India generates about 56,000 to 60,000 tonnes of garbage every day. The treatment and disposal of this huge volume of garbage is an issue with most Municipal Corporations. However, with the implementation of the MSW Act in 2000, effective management of waste has been made possible. The processing includes handling waste generation, segregation, storage, collection & transportation, processing (converting waste to energy) and disposal of waste. Even though each of these activities have been outsourced at one level or the other, certain cities like Ahmedabad and Pune have succeeded in creating a better model, while many others, especially bigger cities like Mumbai are facing obstacles right from the grassroots level.
Kolhapur is a small city but has bigger issues of disposal as there are no dumping grounds available at present. Faced with practical issues and dissatisfied with the service contractor, the Corporation is looking at getting the entire process done with its own staff.
At the Kolhapur Municipal Corporation, Ramky Enviro is handling the collection and transportation of waste. But Sanitation Officer-Health/SWM, Vinod M Dalvi is dissatisfied with outsourcing services. “Kolhapur is a small city of 543,000 population generating about 180 metric tonnes (mt) of garbage per day. Segregation at the primary level, except plastic to some extent, is hardly practiced. The city has bigger issues of disposal as there are no dumping grounds available at present.”
Mumbai where space is an issue asking people to store dry waste until it is periodically collected by the Municipal Corporation vehicle is a big combat. In this scenario, one cannot expect people to follow segregation at source stringently. In cases where people are practising segregation, there are instances of the dust bins instead of the garbage getting lifted from the doorsteps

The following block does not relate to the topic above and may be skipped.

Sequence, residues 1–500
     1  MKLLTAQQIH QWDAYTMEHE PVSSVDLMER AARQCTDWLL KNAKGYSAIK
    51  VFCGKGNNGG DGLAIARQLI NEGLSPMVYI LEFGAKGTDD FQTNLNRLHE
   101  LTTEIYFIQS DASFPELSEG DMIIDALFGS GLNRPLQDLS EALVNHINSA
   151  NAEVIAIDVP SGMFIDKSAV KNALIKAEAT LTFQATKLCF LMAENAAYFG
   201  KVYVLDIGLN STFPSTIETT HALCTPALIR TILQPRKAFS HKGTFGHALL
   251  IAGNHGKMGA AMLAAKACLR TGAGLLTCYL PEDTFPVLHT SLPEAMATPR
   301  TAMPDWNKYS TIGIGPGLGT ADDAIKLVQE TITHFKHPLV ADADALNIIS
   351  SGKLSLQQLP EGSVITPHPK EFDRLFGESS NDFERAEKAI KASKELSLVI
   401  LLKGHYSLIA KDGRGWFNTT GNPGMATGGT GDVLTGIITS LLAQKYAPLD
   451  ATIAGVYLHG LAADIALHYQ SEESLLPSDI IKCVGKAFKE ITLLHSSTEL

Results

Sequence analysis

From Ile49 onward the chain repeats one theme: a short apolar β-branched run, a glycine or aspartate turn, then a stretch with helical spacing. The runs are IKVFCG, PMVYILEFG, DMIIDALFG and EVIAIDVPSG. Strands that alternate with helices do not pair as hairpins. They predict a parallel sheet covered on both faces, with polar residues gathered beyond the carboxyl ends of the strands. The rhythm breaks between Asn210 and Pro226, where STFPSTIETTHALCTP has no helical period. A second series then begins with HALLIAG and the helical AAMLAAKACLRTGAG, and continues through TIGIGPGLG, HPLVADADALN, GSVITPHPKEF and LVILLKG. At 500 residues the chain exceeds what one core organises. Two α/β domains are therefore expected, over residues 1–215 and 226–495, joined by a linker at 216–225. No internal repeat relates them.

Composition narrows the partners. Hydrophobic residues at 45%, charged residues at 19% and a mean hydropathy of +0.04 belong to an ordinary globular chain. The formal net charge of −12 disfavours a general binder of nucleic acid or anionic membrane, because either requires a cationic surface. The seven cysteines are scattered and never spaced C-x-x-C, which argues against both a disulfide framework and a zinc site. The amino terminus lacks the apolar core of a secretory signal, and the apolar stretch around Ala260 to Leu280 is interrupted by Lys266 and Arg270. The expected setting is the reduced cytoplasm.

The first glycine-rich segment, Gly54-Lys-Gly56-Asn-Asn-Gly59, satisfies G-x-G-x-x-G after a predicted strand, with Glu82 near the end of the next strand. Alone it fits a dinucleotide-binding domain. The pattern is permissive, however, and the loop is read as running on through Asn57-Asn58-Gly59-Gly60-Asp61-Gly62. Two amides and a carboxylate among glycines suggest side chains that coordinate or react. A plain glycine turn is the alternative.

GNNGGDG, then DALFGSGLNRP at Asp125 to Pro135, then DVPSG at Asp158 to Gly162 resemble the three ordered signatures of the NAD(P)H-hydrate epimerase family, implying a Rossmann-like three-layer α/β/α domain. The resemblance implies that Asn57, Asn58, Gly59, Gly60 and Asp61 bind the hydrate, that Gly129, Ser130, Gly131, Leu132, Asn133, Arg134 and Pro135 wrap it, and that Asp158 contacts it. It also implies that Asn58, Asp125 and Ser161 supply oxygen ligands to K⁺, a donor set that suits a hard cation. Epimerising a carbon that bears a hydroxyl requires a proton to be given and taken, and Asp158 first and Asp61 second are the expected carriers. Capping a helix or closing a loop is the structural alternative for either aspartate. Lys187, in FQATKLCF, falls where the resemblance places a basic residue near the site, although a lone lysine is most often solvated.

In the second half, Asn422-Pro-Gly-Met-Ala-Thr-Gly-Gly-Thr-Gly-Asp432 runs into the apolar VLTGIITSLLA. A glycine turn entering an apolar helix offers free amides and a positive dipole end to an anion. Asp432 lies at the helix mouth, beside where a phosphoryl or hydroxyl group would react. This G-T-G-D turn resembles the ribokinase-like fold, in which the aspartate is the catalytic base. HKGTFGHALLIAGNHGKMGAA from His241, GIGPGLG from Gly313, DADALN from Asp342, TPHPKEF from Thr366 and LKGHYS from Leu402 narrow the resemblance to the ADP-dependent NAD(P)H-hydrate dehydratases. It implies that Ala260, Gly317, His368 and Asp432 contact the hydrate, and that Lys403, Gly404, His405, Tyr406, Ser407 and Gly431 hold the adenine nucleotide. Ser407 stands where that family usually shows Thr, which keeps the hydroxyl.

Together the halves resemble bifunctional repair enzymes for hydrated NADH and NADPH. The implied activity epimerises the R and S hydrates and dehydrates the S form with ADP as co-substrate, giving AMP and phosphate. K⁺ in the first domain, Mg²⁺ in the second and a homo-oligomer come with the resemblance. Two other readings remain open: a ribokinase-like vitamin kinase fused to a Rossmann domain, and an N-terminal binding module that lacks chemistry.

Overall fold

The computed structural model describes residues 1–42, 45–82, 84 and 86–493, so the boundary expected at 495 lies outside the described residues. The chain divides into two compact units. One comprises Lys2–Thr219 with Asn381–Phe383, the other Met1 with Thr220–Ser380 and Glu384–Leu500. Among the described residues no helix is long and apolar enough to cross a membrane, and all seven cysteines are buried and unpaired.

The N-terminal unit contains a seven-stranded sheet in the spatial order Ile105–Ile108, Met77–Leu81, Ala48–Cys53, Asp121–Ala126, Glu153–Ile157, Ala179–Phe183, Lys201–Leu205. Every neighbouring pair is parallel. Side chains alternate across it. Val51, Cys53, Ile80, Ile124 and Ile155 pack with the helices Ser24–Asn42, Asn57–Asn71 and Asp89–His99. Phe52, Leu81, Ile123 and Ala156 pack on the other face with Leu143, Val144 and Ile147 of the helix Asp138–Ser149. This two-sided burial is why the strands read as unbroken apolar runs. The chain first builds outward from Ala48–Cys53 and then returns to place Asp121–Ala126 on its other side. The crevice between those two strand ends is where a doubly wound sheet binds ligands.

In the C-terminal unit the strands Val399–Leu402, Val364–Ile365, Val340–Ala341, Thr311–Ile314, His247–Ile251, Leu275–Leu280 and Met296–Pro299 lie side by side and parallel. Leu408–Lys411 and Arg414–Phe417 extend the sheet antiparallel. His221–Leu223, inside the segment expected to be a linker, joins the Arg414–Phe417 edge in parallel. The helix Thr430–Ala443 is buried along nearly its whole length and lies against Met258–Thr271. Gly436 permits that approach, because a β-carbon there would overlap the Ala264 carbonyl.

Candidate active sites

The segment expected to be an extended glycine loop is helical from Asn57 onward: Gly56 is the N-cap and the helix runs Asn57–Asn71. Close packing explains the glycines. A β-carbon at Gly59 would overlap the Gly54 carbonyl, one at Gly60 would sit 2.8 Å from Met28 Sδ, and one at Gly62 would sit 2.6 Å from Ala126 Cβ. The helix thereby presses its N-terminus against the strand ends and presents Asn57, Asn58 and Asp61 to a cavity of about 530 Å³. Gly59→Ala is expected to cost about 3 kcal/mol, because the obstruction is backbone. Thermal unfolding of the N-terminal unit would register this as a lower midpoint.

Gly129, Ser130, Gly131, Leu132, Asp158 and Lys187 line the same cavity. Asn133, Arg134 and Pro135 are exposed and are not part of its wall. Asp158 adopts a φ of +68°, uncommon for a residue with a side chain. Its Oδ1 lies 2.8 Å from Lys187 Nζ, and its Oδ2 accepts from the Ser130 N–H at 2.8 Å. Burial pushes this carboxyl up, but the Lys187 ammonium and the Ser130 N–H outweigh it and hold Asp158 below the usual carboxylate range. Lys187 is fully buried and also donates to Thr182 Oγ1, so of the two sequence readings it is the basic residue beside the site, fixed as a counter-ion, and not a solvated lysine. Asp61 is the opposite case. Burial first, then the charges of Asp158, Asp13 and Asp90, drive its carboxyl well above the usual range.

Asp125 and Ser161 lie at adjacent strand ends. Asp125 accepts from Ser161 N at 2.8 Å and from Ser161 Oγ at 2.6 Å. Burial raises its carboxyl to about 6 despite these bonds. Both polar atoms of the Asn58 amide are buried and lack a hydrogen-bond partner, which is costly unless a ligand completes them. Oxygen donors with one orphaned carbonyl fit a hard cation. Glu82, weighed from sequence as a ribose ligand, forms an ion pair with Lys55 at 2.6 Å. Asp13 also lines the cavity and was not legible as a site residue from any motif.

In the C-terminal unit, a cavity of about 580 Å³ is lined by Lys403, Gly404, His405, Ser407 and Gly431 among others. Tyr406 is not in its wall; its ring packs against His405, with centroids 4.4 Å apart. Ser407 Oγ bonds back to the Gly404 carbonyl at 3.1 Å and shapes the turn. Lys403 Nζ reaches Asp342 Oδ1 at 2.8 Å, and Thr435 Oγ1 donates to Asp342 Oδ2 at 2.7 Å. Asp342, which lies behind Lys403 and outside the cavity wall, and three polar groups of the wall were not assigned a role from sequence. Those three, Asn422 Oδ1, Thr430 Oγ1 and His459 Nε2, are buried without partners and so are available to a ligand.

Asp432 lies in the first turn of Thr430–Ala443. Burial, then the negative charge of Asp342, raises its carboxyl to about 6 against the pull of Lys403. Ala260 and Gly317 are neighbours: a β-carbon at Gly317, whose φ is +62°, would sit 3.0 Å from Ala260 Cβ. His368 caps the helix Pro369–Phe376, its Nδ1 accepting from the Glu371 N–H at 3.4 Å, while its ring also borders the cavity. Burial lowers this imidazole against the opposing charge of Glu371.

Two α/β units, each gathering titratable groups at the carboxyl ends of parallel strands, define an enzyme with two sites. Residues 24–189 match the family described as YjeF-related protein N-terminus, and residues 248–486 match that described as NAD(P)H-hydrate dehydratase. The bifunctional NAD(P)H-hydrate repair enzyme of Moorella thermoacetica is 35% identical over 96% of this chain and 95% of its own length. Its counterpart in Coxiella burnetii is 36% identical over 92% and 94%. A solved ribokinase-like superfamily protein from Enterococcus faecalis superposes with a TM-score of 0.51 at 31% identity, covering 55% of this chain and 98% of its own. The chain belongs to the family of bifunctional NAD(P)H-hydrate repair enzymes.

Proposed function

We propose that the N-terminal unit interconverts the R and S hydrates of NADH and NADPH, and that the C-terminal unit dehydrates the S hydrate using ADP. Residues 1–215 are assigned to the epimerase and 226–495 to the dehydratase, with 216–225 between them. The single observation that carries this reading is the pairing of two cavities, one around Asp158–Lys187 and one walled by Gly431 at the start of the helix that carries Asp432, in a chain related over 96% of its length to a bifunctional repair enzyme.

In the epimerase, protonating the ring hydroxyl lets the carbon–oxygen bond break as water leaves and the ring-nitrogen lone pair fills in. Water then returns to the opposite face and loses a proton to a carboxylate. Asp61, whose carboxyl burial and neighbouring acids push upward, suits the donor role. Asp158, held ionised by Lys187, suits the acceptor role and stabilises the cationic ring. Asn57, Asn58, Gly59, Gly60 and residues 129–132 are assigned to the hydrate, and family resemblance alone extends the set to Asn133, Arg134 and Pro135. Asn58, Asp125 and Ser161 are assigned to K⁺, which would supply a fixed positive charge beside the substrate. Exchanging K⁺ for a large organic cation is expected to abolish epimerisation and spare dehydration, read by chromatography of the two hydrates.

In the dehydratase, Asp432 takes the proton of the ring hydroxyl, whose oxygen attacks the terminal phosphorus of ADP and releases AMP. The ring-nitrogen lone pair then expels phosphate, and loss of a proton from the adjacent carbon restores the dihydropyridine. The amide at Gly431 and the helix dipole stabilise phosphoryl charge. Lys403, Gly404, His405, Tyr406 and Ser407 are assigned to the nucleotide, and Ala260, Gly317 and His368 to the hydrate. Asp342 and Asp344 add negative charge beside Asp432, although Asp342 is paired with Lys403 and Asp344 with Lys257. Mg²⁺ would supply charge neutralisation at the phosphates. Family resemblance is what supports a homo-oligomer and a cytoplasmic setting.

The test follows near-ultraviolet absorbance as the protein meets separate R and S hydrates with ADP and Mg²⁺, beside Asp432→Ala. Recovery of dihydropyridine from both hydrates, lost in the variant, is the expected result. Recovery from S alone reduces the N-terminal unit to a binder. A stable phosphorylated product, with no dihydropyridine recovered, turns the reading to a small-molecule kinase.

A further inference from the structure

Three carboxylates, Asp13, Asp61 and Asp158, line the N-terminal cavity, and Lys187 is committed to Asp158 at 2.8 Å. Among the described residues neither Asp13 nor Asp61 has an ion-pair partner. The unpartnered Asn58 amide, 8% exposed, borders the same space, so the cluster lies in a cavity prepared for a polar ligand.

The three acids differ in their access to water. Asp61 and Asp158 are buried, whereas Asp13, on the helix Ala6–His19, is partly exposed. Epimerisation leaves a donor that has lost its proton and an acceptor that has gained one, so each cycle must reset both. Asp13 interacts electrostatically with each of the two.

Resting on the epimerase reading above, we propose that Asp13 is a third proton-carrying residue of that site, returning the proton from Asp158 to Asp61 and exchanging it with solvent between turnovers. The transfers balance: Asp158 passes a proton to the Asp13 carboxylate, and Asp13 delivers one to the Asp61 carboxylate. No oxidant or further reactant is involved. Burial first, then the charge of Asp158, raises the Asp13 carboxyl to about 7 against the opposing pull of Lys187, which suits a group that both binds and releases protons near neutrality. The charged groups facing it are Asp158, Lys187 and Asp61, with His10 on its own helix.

While the Corporation is awaiting clearance for Sambapur dumping grounds and the composting plant to be set right in a short time, waste disposal will remain an issue. Faced with practical issues and dissatisfied with the service contractor, the Corporation is looking at getting the entire process done with its own staff. Under the 12th Finance Commission funding, the Corporation is already procuring RC compactors and hand carts for door-to-door collection of waste.
With the introduction of the Municipal Solid Waste Act, everything has become stringent right from collection, transportation and disposal, stated B.P. Patil, Chief Engineer-SWM, MCGM. “There are very few vendors who are engaged in this activity and the credentials of these contractors are questionable with respect to their experience and technological knowhow. As on today, outsourcing of essential activities does not seem to be the best solution.
“Even at MCGM, out of the 24 wards, services in three wards were to be outsourced. But because of issues of poor performance, the plans have been shelved. The integrity of the contracted labourers in discharging their duties diligently is an issue. Whether some of the houses are being skipped or whether the garbage stored in closed bins are being lifted daily is seriously being doubted. Unless the outsourced staff works sincerely and the supervisors of the Corporation keep proper checks, the outsourcing model will not meet success.”
Agreeing with B.P. Patil, Ramyakumar Bhatt, Assistant Municipal Commissioner-SWM, Ahmedabad Municipal Corporation, said, “Even though AMC has implemented a successful model of outsourcing, unless the supervision is stringent, there is always a possibility of contractors cutting corners. Besides, the contractors do not have much hold on the workers who are engaged on daily wages.